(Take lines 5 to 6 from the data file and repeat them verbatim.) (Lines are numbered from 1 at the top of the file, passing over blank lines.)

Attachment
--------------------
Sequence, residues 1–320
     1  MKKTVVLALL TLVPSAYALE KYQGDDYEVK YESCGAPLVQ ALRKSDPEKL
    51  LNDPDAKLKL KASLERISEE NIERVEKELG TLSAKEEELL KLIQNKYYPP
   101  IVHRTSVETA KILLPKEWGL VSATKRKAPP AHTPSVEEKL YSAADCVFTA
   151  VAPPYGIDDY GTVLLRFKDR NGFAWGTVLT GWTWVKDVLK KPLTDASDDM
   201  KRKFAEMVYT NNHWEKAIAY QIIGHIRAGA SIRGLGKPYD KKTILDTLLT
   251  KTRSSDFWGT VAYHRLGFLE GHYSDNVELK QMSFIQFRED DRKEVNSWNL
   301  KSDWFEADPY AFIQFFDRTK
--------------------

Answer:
   151  VAPPYGIDDY GTVLLRFKDR NGFAWGTVLT GWTWVKDVLK KPLTDASDDM
   201  KRKFAEMVYT NNHWEKAIAY QIIGHIRAGA SIRGLGKPYD KKTILDTLLT